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Metformin, one of the most commonly used drugs for the treatment of type II diabetes, was recently found to exert its therapeutic effects, at least in part, by activating the AMP-activated protein kinase (AMPK). However, the site of its action, as well as the mechanism to activate AMPK, remains elusive. Here we report how metformin activates AMPK. In(More)
BACKGROUND Hormone replacement therapy increases intimal hyperplasia (IH) following vascular intervention. Matrix metalloproteinases (MMPs) play a role in IH development. We have shown estrogen up-regulates MT1-MMP expression, a transmembrane protein that activates MMP-2, and increases vascular smooth muscle cell (VSMC) collagen invasion via increased MMP-2(More)
PURPOSE To determine the pattern of strain and pressure transmitted to an aortic aneurysm wall before and after endovascular exclusion and to evaluate the role of sac thrombus on the conduction of pressure and wall strain. METHODS Three canine thoracic aortas were used to create abdominal aortic aneurysms (AAA). The segments were placed on a pulsatile(More)
OBJECTIVE Postmenopausal women receiving hormone replacement therapy (HRT) have been reported to have more adverse outcomes after vascular reconstructions, including increased intimal hyperplasia development and bypass graft failure. HRT may be affecting the pathway contributing to intimal hyperplasia. An important component of this pathway involves matrix(More)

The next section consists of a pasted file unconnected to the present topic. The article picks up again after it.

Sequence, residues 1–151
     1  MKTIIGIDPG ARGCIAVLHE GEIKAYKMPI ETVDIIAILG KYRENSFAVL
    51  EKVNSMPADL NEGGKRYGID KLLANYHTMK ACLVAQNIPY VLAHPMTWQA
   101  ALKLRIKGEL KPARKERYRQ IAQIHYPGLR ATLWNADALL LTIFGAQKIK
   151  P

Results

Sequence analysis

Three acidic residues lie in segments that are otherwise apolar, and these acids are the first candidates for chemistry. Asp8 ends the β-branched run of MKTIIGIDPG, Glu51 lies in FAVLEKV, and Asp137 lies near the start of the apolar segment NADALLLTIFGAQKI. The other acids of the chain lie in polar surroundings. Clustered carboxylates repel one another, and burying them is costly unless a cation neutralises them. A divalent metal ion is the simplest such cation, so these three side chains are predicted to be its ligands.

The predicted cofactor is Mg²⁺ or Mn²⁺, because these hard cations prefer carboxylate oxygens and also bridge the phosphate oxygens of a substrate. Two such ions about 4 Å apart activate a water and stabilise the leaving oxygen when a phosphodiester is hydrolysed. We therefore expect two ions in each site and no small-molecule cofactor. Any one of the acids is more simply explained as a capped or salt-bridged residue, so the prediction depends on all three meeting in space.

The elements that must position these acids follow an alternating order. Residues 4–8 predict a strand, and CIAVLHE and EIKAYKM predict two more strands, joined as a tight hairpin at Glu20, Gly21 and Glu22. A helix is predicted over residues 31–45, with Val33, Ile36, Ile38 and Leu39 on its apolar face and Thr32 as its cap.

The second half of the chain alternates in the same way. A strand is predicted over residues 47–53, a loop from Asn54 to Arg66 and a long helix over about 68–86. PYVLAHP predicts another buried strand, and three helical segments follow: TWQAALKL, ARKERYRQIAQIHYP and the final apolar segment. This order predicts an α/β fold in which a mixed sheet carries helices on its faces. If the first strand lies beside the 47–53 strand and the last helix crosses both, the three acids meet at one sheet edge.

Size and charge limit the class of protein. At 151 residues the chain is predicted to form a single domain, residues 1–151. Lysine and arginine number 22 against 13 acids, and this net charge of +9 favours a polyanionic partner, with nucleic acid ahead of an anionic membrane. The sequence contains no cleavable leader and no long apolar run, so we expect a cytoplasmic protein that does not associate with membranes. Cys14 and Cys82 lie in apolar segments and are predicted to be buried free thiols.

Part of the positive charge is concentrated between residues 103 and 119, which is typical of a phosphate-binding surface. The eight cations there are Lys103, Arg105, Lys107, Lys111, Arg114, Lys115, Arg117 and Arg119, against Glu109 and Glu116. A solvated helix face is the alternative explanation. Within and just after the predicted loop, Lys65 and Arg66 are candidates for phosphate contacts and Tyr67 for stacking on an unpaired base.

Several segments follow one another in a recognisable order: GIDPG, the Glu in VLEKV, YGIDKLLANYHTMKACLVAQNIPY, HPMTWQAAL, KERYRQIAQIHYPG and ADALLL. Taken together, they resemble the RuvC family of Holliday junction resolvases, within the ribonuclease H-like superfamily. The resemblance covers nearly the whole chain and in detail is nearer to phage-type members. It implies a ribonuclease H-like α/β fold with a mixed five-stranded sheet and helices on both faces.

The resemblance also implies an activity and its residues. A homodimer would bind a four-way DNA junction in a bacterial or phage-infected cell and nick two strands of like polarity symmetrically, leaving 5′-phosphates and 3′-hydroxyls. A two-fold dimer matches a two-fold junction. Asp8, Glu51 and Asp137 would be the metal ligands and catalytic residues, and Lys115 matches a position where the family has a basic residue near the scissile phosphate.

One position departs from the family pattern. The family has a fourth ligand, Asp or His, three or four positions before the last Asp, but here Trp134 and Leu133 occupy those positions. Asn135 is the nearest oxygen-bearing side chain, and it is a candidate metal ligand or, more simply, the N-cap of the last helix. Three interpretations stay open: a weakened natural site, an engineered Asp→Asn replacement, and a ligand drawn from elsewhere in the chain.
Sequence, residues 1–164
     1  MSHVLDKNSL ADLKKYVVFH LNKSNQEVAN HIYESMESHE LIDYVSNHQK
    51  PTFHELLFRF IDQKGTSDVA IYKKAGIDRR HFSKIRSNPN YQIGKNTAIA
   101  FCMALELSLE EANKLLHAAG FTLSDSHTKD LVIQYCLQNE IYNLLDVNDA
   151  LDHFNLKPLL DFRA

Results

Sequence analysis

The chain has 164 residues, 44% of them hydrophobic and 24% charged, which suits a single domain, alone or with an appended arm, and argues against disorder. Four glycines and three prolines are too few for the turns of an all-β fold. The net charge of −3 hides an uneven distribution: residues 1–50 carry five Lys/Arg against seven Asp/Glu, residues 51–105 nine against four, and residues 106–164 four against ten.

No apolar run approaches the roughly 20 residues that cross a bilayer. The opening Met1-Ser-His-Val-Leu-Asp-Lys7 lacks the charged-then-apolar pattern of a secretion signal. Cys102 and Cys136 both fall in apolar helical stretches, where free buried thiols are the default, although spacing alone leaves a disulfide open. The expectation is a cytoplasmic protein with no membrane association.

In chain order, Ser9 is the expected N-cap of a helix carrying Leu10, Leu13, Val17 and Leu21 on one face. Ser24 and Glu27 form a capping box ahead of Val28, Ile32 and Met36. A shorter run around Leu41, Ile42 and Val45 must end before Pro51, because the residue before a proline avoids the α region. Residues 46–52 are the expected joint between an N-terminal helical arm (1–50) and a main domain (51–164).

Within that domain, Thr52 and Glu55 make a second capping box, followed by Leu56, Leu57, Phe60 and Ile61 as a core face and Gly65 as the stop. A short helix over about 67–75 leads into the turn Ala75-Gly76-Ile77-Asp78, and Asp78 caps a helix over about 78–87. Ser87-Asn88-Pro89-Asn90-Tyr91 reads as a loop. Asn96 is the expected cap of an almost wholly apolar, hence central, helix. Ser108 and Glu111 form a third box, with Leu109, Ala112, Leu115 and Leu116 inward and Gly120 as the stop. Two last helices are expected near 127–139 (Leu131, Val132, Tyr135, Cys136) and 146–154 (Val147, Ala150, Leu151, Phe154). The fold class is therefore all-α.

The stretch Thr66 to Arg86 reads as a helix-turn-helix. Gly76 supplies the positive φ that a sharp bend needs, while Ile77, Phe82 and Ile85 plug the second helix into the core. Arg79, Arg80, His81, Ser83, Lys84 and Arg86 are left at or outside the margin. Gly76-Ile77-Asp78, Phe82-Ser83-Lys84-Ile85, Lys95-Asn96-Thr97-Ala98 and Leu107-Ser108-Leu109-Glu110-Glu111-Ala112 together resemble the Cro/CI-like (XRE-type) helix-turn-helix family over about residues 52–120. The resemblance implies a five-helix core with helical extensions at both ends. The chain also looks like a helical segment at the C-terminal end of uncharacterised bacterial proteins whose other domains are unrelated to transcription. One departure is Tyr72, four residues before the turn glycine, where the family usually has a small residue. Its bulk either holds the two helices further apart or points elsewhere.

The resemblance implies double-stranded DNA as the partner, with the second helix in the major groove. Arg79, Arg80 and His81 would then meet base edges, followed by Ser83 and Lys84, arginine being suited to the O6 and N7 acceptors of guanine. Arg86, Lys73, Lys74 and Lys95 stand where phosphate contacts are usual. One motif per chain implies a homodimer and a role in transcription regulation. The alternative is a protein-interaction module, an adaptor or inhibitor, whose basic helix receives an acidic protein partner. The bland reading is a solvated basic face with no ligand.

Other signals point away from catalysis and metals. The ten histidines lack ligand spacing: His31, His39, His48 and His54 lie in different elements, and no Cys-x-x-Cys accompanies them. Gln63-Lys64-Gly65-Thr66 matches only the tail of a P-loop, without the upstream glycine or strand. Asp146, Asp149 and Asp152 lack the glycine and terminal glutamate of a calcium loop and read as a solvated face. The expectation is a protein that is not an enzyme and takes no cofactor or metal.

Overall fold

Helicobacter pylori (formerly Campylobacter pylori) is the causative agent of gastritis in man. Helicobacter pylori cells contain a large amount of an extremely active urease (E.C.3.5.1.5). This enzyme is suspected to be a virulence factor since the ammonium ion produced from urea may be responsible for tissue injury and/or survival of H. pylori in the(More)
The cardioprotective effect of hormone replacement therapy (HRT) in healthy, postmenopausal women is well documented. Little work has been performed on the effect of HRT in peripheral arteries. Recent work suggests that HRT may adversely affect the patency of peripheral grafts. This study investigates the in vitro effects of estrogen and/or progesterone(More)
BACKGROUND A primary component in the development of intimal hyperplasia (IH) in response to vascular injury is basement membrane remodeling. Matrix metalloproteinases (MMPs) play a major role in this process by degradation of basement membrane proteins, mainly collagen type IV. Vascular injury initiates an inflammatory cascade with the release of tumor(More)
BACKGROUND Postmenopausal women receiving hormone replacement therapy have more adverse outcomes after vascular reconstructions. Estrogen-binding receptors have been identified on vascular smooth muscle cells (VSMCs), indicating that vascular function may be under direct hormonal control. A key group of enzymes involved in vascular remodeling are matrix(More)
Migration of vascular smooth muscle cells is a fundamental process in the development of intimal hyperplasia, a precursor to development of cardiovascular disease and a potential response to injury of an arterial wall. Boyden chamber experiments are used to quantify the motion of cell populations in response to a chemoattractant gradient (i.e., cell(More)
BACKGROUND Testosterone deficiency has been associated with an increased risk of vascular disease. Matrix metalloproteinases (MMPs) have been implicated in vascular remodeling. Our group has demonstrated an association between female hormones and MMP-modulated intimal hyperplasia. In the present study, we investigated testosterone in the modulation of MMPs(More)